Airlines Adopt Unique Ways to Survive Pilot Shortage
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Airlines Adopt Unique Ways to Survive Pilot Shortage

A shortage of pilots has hit airlines across the U.S., dealing a blow to their pandemic recovery plans. With no immediate end to the crisis in sight, many airlines have adopted various survival measures. According to a Bloomberg report, United Airlines (UAL) has replaced planes with buses on some short routes where it needs to get passengers from the city to the airport. American Airlines (AAL) is also ferrying customers on buses on short routes where pilots are not available.

Airlines are also cutting flights as they struggle with the pilot shortage. According to the report, United may be forced to group as many as 150 regional planes. Although air travel demand is rebounding, the pilot crisis is making it difficult to get back to pre-pandemic flight schedules. For example, United expects its flights in Q2 2022 to stay 13% below the level in the same quarter in 2019. Delta Air Lines (DAL) and AAL project their Q2 flights to decline 16% and 8% from the 2019 levels, respectively.

Another survival measure airlines have adopted in these desperate times is boosting pilot pay. They hope offering sweetened compensation would enable them to attract and retain pilots. However, that means increasing operating costs at a time when airlines are already grappling with surging jet fuel prices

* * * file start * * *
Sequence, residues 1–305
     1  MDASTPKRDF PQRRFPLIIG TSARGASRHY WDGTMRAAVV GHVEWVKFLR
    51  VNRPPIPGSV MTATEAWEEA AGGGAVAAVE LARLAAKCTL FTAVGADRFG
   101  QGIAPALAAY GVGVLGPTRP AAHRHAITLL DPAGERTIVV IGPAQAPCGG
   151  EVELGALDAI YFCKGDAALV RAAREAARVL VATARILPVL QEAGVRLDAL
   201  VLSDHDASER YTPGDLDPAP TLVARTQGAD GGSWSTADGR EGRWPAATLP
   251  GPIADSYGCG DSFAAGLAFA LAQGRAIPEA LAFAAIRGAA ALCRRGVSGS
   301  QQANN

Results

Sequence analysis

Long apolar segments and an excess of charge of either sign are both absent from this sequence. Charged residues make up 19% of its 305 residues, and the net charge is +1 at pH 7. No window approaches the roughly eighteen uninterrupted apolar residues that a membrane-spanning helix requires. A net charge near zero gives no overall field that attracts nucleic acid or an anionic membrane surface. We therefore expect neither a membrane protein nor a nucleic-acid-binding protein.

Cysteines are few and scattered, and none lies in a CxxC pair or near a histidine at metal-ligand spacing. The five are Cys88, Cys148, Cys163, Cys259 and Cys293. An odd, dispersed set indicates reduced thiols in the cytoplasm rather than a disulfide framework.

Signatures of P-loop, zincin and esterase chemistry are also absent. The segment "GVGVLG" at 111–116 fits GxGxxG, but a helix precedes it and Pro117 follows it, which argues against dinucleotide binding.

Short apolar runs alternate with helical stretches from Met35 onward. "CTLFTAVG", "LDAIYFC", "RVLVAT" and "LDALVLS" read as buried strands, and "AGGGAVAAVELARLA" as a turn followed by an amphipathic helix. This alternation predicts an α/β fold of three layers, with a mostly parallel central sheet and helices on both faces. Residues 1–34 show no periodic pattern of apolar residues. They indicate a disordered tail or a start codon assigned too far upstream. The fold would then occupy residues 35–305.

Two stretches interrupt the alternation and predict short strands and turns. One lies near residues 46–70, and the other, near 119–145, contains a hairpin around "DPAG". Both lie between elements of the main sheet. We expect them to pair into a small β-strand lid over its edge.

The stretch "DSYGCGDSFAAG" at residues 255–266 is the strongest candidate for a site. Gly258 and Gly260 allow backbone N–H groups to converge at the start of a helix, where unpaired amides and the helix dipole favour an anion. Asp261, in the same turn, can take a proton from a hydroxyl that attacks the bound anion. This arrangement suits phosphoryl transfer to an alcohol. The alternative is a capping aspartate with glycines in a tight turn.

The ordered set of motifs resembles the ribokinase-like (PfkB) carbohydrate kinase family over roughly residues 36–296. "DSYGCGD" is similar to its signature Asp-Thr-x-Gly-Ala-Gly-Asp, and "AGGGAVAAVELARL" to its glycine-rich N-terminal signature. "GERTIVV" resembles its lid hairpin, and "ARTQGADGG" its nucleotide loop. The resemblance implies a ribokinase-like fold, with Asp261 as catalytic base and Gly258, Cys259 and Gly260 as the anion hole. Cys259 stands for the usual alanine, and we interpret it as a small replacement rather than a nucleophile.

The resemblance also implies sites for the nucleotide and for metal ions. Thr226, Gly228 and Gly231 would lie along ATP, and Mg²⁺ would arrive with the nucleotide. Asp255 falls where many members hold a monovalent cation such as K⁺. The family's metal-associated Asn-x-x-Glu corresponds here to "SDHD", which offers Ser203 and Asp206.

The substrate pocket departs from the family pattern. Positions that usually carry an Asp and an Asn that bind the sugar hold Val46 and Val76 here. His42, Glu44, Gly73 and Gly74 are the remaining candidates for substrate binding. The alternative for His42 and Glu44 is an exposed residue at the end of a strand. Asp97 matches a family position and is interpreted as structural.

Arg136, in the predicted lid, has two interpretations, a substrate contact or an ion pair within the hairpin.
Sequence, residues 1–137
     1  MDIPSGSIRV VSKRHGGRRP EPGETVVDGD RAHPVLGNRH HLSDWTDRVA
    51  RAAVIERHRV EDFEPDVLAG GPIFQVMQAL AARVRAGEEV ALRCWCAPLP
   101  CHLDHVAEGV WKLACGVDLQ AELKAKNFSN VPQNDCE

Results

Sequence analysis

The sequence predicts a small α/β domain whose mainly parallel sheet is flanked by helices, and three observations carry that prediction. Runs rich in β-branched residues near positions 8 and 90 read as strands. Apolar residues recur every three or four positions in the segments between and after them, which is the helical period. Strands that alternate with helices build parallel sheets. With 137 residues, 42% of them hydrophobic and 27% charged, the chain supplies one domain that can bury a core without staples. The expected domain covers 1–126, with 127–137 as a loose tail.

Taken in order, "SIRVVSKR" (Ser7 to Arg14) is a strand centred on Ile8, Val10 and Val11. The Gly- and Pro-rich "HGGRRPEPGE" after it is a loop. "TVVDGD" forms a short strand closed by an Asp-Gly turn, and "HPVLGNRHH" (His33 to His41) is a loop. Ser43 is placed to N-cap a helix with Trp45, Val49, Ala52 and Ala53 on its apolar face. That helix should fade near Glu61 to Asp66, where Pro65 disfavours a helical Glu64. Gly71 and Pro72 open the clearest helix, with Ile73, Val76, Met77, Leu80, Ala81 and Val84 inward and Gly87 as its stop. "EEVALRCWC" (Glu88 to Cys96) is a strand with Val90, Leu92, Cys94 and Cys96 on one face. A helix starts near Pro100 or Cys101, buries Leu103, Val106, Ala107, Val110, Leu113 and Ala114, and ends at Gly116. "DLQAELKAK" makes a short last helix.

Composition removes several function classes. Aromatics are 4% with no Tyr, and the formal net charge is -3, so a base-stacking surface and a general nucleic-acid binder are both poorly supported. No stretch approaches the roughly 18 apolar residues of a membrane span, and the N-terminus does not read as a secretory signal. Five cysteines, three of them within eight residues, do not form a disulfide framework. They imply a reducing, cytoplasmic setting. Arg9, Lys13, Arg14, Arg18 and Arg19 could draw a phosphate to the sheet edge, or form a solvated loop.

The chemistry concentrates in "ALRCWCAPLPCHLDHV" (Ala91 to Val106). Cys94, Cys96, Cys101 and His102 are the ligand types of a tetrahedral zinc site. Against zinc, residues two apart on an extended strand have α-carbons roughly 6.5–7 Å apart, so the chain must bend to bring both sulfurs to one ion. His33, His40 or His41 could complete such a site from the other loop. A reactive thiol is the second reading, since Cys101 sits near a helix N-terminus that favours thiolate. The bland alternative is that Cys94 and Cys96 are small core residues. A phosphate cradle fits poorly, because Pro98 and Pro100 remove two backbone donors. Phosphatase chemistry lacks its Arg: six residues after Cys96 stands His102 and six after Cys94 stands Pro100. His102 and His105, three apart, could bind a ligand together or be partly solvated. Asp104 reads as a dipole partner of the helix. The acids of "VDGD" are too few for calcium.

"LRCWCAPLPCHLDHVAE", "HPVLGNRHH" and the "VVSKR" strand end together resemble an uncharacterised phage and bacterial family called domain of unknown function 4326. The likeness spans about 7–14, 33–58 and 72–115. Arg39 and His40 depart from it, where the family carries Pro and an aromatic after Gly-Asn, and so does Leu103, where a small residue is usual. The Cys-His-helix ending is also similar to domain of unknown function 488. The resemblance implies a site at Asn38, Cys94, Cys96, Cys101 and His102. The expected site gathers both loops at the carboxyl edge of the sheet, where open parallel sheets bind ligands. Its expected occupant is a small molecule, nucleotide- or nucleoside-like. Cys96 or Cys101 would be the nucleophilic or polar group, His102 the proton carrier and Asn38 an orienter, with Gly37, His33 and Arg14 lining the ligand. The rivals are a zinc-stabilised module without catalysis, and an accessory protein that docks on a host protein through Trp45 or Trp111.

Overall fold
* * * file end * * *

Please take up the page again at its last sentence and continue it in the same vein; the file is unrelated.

What Is Causing the Pilot Shortage?

A variety of factors have contributed to the pilot shortage. Many pilots retired during the pandemic as travel demand evaporated and airlines grounded their planes. The pilot demand has also outstripped supply. According to Bloomberg, until 2030, U.S. airlines need to hire 14,500 pilots each year. However, the country only produces 5,000 to 7,000 pilots annually, according to an ABC News report.

Wall Street’s Take

On April 22, Bank of America Securities analyst Andrew Didora reiterated a Sell rating on United Airlines stock, but raised the price target to $47 from $40. Didora’s new price target indicates 8.7% downside potential.

The rest of the Street is cautiously optimistic about the stock, with a Moderate Buy consensus rating based on 10 Buys, six Holds, and two Sells. At the time of writing, the average United Airlines price target was $58.81, which implies 14.28% upside potential to current levels. Shares have increased 13% year-to-date.

Blogger Opinions

TipRanks data shows that financial blogger opinions are 80% Bullish on UAL, compared to a sector average of 68%.

Key Takeaway for Investors

A pilot shortage may result in lost business opportunities for many airlines for many years. However, United Airlines could minimize the blow to its business as it has opened its own pilot training school and expects to train 5,000 new pilots by the end of the decade.

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